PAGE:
Accuracy in Media

Matt Cover, the content editor at conservative news aggregator Rare, brought up an interesting point today, asking when September 11, 2001 will become just another date in history as have so many events that have occurred throughout our nation’s existence.

911 memorial fountainCover, whose father survived the attack on the Pentagon, will, as a result, always remember the day. But can the same be said of Americans in generations to come, who were not alive at the time of the worst terrorist attack on American soil?

Yes and no. I remember where I was on September 11—watching CNBC in my office—and also the shock and disbelief at what I had just seen. I remember thinking it had to be a bad dream, that it couldn’t be real, but it was. And I remember the  anger that I felt as well as the great sadness for the loss of life of so many innocent people. I will never forget that day for as long as I live. That is probably also true for my wife and two older children who were young teenagers at the time, and to a lesser extent for my then-9-year-old son. But for my 19-month old grandson, and my soon to be born granddaughter, it will be more like the history that I learned of as a child—Pearl Harbor or the JFK assassination. Tragic events, but hard to relate to since I either wasn’t born or was too young to remember. 9/11 touched millions of lives throughout the world, but as time marches on it fades a little more each year.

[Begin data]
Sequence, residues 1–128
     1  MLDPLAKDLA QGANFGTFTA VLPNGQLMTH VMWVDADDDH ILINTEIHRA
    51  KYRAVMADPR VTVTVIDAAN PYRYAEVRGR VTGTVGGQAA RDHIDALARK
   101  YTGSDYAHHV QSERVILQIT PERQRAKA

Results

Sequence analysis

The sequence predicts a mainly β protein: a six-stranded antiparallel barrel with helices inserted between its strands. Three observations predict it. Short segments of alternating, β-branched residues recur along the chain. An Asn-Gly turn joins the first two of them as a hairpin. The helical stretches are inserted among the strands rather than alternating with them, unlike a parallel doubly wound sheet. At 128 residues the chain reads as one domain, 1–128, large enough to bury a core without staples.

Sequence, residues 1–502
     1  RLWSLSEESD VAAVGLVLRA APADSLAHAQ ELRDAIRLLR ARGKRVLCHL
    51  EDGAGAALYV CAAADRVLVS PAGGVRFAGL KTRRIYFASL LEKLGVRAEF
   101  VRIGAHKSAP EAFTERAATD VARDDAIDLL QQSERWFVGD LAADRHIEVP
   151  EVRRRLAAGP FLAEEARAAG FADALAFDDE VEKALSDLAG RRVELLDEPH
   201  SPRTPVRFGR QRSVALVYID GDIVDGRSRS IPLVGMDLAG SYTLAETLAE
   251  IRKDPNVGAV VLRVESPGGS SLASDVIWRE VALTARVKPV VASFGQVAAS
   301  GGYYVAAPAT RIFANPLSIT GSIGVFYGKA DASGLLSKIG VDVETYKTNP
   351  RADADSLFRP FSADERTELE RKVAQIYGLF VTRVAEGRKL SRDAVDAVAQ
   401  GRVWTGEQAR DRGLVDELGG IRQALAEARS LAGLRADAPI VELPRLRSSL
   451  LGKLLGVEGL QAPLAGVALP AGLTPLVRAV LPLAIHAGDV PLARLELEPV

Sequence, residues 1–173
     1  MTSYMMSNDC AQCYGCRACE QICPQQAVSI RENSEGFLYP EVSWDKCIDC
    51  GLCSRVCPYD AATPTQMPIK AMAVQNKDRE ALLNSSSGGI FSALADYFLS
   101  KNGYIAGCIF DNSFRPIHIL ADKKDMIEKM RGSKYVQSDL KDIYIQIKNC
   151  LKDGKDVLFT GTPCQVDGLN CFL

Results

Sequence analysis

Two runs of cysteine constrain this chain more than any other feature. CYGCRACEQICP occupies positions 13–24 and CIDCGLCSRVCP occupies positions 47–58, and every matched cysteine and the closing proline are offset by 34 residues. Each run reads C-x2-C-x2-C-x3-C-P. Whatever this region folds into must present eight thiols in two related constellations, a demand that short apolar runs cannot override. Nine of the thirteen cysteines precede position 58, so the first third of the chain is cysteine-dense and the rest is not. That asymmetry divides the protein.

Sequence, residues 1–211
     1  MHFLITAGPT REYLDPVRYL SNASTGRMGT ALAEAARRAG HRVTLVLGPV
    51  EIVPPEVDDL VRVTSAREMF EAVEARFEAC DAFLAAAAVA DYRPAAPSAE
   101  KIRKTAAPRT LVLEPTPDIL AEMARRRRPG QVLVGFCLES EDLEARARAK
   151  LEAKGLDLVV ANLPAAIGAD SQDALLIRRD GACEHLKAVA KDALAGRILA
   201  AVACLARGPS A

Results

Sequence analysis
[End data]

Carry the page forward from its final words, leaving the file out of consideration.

That doesn’t make it right, but it is reality. Unlike those other events, we have an incredible supply of news footage and first-hand accounts of what people saw and experienced, which will serve as a constant reminder of that infamous day. Also, thanks to the Internet, and social media in particular, 9/11 will live on as long as there are people using them to express their feelings and thoughts.

So the question remains. Is 9/11 history, or has it become history?

Thankfully for now, it is the former and not the latter.

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